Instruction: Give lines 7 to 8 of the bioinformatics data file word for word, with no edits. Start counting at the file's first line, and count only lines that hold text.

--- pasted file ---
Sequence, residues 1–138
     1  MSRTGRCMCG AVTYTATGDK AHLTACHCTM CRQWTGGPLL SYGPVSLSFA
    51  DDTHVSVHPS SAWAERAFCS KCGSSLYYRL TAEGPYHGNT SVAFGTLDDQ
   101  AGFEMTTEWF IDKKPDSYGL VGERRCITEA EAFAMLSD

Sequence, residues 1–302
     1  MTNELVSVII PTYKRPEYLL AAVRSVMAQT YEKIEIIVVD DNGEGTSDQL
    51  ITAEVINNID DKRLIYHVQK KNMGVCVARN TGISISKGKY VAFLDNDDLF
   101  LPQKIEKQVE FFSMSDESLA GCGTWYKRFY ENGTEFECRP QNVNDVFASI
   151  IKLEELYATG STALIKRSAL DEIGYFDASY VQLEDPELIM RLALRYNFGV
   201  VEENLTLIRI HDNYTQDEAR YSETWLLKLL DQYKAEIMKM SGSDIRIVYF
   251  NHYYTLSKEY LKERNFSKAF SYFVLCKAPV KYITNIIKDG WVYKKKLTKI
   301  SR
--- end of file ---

    51  ITAEVINNID DKRLIYHVQK KNMGVCVARN TGISISKGKY VAFLDNDDLF
   101  LPQKIEKQVE FFSMSDESLA GCGTWYKRFY ENGTEFECRP QNVNDVFASI